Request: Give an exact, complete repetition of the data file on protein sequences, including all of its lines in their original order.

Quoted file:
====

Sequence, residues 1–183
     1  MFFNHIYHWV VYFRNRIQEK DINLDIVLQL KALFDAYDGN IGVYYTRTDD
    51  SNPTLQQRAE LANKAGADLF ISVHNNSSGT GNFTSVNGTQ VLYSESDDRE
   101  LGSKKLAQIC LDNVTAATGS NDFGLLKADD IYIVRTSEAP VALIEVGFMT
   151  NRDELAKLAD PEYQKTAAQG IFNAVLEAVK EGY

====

Sequence, residues 1–183
     1  MFFNHIYHWV VYFRNRIQEK DINLDIVLQL KALFDAYDGN IGVYYTRTDD
    51  SNPTLQQRAE LANKAGADLF ISVHNNSSGT GNFTSVNGTQ VLYSESDDRE
   101  LGSKKLAQIC LDNVTAATGS NDFGLLKADD IYIVRTSEAP VALIEVGFMT
   151  NRDELAKLAD PEYQKTAAQG IFNAVLEAVK EGY